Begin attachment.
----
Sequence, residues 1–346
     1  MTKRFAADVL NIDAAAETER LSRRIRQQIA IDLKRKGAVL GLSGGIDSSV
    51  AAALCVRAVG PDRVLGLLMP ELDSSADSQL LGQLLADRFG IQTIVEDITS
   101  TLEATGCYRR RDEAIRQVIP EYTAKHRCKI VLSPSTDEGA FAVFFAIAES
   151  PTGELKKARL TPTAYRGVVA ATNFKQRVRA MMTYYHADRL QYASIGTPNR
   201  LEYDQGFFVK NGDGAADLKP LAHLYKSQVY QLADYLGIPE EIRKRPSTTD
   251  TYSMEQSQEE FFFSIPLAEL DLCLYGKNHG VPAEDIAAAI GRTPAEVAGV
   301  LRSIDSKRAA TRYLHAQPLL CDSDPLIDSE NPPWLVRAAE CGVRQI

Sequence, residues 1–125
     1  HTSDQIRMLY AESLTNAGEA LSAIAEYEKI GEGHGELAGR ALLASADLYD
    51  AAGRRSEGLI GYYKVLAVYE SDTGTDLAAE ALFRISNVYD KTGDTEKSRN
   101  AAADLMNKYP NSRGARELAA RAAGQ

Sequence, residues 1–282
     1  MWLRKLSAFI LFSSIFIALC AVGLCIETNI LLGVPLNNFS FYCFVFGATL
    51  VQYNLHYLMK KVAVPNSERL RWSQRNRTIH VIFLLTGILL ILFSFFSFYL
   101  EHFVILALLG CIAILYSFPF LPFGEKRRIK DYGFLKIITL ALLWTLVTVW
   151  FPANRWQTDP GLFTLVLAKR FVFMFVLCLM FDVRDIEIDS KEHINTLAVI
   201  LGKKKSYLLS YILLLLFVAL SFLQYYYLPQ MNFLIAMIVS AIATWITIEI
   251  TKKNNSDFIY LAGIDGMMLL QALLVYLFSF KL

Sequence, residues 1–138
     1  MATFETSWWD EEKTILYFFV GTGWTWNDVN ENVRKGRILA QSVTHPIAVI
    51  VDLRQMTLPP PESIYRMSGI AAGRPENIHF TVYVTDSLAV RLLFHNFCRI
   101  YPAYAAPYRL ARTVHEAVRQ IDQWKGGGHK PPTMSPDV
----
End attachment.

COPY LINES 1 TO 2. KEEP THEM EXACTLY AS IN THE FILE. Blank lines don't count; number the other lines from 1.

Sequence, residues 1–346
     1  MTKRFAADVL NIDAAAETER LSRRIRQQIA IDLKRKGAVL GLSGGIDSSV